I could resolve to lose 10 pounds and exercise more, or eat healthier, or spend less money and save more in 2019. If I made any of those my New Year’s resolutions, I’d be in good company. Those good intentions are the most popular New Year’s resolutions for 2019, according to YouGov.
But what if I instead challenged myself to do something far more meaningful? What if the path I ventured to take is not something I do for myself but for someone else instead? Most people who make resolutions don’t stick to them anyway. So why not try shifting my focus.
I had considered resolving this year to not give any unrequested advice and vow to be a better listener. And I may decide to do that anyway because it makes good sense. Seems these days people are way too quick to give unsolicited advice or to opine loudly when they’d do better to remain silent. Speaking loudly might get you noticed, but will it make you a better person and have a positive impact on someone else at the same time? New Year’s resolutions should be about fresh starts, a new you and striving to make the world a better place.
Something the youth pastor at my church said during a recent Sunday service, however, encouraged me and redirected my line of thinking. Instead of making a New Year’s resolution that focuses on self, he suggested to vow to act not out of obligation but out of an overflow of your love relationship with God in 2019. Rhodes challenged his churchgoers to “live loud in 2019.”
“Passion requires action,” said Brian Rhodes, youth minister at Springwell Church in Taylors, SC.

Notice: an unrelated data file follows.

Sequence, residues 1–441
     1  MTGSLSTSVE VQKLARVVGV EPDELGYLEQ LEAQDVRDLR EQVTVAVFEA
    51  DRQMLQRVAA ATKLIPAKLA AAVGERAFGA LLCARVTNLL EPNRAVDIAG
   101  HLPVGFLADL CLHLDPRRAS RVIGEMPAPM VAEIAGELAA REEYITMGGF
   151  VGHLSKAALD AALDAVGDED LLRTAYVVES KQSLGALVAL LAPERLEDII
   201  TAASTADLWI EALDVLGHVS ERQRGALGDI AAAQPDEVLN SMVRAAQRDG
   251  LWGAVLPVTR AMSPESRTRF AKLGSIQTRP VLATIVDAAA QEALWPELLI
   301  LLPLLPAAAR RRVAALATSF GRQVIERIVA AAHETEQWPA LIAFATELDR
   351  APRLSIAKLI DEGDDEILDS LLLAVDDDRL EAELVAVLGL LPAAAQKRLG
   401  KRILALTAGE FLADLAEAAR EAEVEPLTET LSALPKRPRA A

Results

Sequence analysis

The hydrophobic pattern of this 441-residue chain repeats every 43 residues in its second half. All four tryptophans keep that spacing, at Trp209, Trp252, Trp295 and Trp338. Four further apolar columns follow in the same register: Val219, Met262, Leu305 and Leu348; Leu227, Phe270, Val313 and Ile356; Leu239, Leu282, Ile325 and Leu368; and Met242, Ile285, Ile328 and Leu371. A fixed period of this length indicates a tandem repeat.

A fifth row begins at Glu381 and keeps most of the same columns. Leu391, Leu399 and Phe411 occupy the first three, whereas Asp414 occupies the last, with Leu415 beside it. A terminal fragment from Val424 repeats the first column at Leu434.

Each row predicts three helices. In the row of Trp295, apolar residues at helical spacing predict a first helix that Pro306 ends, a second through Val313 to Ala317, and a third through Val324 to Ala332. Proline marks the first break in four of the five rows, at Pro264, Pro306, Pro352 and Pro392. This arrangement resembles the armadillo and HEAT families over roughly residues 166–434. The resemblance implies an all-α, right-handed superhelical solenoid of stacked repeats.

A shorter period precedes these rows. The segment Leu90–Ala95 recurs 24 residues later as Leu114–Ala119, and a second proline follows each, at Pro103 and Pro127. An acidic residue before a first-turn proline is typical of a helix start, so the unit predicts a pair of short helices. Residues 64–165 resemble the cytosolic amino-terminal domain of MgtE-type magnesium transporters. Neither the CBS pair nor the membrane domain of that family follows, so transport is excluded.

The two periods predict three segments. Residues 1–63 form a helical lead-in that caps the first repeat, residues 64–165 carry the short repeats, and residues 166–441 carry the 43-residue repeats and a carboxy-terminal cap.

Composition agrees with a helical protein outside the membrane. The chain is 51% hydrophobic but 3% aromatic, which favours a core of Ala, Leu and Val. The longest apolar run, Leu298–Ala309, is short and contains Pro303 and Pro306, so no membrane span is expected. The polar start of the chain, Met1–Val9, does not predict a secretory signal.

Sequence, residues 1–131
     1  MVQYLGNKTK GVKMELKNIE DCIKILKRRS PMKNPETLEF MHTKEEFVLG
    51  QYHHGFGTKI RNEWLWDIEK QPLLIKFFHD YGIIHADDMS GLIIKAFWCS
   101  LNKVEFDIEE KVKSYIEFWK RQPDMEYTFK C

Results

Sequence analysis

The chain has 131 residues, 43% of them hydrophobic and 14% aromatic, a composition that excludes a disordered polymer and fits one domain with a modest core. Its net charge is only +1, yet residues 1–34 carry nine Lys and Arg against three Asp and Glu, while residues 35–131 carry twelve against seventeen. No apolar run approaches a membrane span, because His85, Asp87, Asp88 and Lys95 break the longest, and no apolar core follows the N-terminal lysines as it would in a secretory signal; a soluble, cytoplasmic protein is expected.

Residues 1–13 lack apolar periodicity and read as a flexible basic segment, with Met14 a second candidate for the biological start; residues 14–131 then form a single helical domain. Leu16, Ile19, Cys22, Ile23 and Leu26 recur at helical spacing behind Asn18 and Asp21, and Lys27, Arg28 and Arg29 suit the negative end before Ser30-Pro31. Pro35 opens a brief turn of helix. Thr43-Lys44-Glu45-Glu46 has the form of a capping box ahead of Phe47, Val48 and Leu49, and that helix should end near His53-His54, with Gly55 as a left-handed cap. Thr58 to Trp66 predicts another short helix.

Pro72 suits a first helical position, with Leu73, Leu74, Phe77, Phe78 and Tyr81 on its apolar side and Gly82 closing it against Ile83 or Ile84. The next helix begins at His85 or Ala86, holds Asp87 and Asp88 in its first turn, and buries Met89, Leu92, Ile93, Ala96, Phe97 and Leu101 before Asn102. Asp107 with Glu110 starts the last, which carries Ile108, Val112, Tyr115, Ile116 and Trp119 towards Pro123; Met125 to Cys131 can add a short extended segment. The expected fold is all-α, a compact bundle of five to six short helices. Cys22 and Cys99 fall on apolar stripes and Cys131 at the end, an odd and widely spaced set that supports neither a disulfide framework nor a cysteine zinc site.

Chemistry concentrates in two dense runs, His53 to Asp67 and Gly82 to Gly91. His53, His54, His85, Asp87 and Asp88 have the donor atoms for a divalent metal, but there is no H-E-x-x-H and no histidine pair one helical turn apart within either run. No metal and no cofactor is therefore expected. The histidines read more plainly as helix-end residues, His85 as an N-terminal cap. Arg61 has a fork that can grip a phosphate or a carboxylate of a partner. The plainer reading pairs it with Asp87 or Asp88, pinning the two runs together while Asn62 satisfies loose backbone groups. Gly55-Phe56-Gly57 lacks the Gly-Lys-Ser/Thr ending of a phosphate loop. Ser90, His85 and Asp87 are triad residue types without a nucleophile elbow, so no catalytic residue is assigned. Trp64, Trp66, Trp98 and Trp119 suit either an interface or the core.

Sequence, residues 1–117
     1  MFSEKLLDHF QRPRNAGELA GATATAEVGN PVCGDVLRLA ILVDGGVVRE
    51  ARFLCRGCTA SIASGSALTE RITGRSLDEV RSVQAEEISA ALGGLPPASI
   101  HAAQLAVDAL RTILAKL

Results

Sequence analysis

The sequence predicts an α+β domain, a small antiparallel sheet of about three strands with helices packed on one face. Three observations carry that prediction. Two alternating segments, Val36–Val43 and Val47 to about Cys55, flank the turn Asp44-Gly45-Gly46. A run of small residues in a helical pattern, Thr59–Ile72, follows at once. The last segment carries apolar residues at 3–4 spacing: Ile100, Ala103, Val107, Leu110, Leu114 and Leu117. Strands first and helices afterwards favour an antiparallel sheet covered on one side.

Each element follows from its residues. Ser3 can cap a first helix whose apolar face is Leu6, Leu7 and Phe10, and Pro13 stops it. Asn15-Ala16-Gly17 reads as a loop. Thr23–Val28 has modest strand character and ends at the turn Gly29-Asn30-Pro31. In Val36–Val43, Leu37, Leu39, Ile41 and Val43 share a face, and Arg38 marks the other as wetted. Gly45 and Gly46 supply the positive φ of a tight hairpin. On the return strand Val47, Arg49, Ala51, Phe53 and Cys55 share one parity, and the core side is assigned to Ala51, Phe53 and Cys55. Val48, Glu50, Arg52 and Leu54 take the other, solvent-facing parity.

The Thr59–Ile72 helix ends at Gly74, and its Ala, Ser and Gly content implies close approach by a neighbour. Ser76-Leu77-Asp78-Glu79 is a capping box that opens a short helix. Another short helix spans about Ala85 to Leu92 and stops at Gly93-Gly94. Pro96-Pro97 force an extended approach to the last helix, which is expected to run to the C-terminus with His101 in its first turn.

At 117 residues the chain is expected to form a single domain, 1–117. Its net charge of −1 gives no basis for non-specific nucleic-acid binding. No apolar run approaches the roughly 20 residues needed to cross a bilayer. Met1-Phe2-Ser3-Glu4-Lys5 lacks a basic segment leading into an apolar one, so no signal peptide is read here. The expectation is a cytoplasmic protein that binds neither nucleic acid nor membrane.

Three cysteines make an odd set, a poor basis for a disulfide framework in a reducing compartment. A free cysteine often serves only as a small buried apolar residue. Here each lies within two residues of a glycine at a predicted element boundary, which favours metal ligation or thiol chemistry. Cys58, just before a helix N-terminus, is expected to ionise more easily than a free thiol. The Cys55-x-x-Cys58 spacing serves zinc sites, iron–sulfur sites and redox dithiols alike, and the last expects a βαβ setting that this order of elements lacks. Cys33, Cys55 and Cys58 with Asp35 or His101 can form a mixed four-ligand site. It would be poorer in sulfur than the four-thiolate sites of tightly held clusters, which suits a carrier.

Rhodes centered his message around Luke 10:25-37, Christ’s Parable of the Good Samaritan. When an expert in the law asked Jesus what he had to do to inherit eternal life, the Savior pointed to loving God and neighbor. When the man prodded further about who was his neighbor, Jesus told the story about the priest, the Levite and the Samaritan. Each of these men came upon a dying man on the side of the road who had been accosted by robbers. One would expect the priest, a holy man who acted as a mediator between humans and God, and the Levite, a priest’s assistant, to help the man. But both men passed by without helping. The Samaritan, looked down upon by Jews, was moved by compassion and stopped to help the man. He had the courage to get his hands dirty.
“What if God only talked but never acted?” Rhodes said. “He came down to us and got His hands dirty. He didn’t just talk; he acted.”
That statement moved me. How blessed we are that God makes good on His promises and shows mercy on us. How blessed we are that God answers prayer and is in control. How blessed we are that our God acts!
I’ve been both the priest and the dying man in Christ’s parable. I’ve had opportunities to enter into someone’s mess but feared acting for whatever reason. And I’ve been the dying man on the side of the road, fortunate to be the recipient of someone else’s compassion to lift me out of a pit of despair. And while I’ve acted as the Samaritan at times, I’ve not performed that role nearly enough. I’ve not loved my neighbor as myself as Christ directed, and that is how you inherit eternal life.
“Knowing what someone needs isn’t enough,” Rhodes said. “It’s about meeting someone’s needs.”
I like his idea to “live loud” in 2019. Show mercy to others. Be willing to get my hands dirty. Act out of an overflow of my love relationship with God. Don’t be afraid to meet someone’s needs. Don’t shy away from loving my neighbor as myself.
Wouldn’t it be great if more of us chose to live loud in 2019 rather than choosing to just speak loudly?